The 4% rule seems to have become the conventional wisdom for drawing money from your savings in retirement. But I believe the rule is flawed. I think it might make more sense to choose a percentage of your savings that you will withdraw annually and then just apply that percentage to your savings balance at the beginning of each year so you would have more money to spend in years when investment returns are good and less to spend in years when returns are bad. What do you think?

The response listed several available strategies for generating retirement income from available resources.  The discussion of the strategies included well-recognized flaws.

1.  Fixed Annuities. A fixed annuity can provide a predictable income. There are three negatives: (a) the security of the income depends on the financial stability of the insurance company; (b) you generally lose access to the principal; and (c) most fixed annuities are not indexed to inflation.

2. 4% Withdrawal Rule. This strategy states that you begin year 1 by withdrawing 4% of the value of your retirement income fund. You maintain that withdrawal amount each year, adjusted by the rate of inflation. For example, if in year 1 your income fund had a value of $500k, and the inflation rate is 3%, in year one you would withdraw $20,000. In year two you would increase your withdrawal amount by 3% to $20,600. There are two problems with this scheme. First, if the market tanks like it did in 2008 – particularly if early in your retirement – your money is likely to run out way before you do. Second, if the market does well, you will end up with a lot of money that you could have used for discretionary spending. Instead, it will go to your heirs.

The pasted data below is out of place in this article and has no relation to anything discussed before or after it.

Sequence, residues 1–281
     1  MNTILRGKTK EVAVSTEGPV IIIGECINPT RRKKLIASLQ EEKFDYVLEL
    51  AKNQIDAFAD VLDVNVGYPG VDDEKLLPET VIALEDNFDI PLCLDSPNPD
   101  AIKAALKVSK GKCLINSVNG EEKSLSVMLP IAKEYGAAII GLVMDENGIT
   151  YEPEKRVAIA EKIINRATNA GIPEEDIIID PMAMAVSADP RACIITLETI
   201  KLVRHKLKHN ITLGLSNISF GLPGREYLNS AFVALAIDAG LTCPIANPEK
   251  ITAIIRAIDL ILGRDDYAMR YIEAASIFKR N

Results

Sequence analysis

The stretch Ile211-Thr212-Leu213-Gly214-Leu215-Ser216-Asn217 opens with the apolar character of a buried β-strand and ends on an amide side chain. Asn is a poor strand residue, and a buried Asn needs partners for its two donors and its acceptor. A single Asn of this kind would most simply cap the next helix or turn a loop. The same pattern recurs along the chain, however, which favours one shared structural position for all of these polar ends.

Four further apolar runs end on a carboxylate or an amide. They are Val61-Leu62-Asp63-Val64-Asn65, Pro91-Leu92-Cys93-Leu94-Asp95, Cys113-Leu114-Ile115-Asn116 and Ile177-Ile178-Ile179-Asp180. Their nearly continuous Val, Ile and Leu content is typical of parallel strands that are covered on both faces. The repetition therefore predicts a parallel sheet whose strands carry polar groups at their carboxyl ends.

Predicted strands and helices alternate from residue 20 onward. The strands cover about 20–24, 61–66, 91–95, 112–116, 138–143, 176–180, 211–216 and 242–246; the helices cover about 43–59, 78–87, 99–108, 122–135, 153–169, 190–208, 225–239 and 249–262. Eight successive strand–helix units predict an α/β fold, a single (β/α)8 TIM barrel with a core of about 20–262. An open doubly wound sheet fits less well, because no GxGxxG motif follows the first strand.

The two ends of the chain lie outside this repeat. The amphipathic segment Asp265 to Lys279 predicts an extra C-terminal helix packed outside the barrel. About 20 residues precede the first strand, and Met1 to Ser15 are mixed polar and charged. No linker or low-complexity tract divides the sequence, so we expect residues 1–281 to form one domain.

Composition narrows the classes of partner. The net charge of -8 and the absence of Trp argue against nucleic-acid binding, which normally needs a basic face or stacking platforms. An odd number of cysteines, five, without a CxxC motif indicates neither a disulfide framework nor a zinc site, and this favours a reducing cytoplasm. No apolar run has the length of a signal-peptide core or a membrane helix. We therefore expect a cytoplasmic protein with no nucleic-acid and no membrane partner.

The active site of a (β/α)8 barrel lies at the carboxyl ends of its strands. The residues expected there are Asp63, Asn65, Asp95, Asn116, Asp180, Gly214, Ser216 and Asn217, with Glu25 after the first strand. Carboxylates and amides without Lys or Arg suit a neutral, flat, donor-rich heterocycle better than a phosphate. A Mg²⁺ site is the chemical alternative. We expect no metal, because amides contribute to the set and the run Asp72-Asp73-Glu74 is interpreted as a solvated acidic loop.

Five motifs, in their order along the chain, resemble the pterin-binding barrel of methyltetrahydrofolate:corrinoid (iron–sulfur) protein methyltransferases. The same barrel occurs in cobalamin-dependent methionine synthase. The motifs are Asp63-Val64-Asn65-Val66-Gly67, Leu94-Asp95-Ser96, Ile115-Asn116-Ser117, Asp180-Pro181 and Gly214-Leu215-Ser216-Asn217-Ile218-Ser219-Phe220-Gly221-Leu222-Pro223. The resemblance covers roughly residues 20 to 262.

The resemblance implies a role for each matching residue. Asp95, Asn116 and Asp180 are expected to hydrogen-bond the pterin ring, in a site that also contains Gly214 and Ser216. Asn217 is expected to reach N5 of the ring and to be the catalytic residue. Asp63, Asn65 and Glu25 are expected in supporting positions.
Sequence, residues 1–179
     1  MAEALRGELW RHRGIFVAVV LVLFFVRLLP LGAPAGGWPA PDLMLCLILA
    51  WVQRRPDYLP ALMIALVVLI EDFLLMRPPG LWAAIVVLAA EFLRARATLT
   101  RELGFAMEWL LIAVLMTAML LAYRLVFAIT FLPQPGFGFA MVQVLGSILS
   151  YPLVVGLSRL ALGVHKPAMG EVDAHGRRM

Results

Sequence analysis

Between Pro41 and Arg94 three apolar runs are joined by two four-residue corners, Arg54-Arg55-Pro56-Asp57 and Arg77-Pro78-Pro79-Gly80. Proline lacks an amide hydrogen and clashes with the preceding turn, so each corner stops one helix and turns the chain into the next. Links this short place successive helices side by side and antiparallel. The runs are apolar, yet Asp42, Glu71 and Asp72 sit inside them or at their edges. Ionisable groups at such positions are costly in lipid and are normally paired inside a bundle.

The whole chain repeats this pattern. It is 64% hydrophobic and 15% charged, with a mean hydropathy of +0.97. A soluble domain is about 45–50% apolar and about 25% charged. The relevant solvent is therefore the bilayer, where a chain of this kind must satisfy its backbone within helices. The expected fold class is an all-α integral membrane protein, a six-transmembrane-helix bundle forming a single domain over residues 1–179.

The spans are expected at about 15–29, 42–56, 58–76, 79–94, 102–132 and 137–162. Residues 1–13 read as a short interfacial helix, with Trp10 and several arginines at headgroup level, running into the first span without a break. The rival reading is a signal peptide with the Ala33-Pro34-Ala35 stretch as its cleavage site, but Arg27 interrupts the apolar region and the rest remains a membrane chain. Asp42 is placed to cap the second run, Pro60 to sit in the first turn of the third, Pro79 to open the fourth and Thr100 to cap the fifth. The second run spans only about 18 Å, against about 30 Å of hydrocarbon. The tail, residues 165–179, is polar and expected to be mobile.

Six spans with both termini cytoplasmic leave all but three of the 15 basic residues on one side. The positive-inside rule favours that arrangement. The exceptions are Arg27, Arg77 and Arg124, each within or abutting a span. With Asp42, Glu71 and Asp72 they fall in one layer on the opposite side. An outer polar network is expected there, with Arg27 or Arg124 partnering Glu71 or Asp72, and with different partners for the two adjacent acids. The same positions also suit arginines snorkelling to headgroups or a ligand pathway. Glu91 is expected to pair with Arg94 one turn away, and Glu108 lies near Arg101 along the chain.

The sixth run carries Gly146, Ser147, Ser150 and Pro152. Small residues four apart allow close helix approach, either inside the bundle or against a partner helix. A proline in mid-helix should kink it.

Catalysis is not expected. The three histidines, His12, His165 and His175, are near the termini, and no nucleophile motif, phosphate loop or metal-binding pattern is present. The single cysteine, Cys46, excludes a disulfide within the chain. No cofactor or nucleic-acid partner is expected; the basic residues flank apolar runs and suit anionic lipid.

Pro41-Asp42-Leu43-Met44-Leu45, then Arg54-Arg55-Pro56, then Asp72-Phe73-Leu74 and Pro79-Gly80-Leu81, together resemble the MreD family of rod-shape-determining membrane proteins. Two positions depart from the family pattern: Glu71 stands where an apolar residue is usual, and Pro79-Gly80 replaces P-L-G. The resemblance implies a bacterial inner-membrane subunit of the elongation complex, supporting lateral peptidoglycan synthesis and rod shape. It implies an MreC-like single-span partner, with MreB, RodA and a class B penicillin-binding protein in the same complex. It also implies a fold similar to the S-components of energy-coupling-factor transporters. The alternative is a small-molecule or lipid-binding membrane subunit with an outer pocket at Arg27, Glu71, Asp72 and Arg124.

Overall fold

3.  Fixed Withdrawal Rate. This is what the reader proposed. Instead of maintaining a constant withdrawal amount (4% of your year-one retirement fund) adjusted by inflation, you apply the 4% rate to the value of your retirement fund at the beginning of each year. In this way, if the market declines, so does your withdrawal amount. Although this strategy is likely to extend the life of your retirement income fund, your income and lifestyle can change significantly from year-to-year. That is counter-productive to what we want in our retirement.